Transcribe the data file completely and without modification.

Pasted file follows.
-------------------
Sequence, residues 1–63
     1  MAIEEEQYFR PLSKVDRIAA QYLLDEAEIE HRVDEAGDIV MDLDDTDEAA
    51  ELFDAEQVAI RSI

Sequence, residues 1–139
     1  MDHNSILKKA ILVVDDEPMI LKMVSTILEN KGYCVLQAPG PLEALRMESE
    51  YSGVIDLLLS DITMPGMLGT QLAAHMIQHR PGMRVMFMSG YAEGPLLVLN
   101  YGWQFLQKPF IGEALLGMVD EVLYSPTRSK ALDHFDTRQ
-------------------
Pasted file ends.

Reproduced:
Sequence, residues 1–63
     1  MAIEEEQYFR PLSKVDRIAA QYLLDEAEIE HRVDEAGDIV MDLDDTDEAA
    51  ELFDAEQVAI RSI

Sequence, residues 1–139
     1  MDHNSILKKA ILVVDDEPMI LKMVSTILEN KGYCVLQAPG PLEALRMESE
    51  YSGVIDLLLS DITMPGMLGT QLAAHMIQHR PGMRVMFMSG YAEGPLLVLN
   101  YGWQFLQKPF IGEALLGMVD EVLYSPTRSK ALDHFDTRQ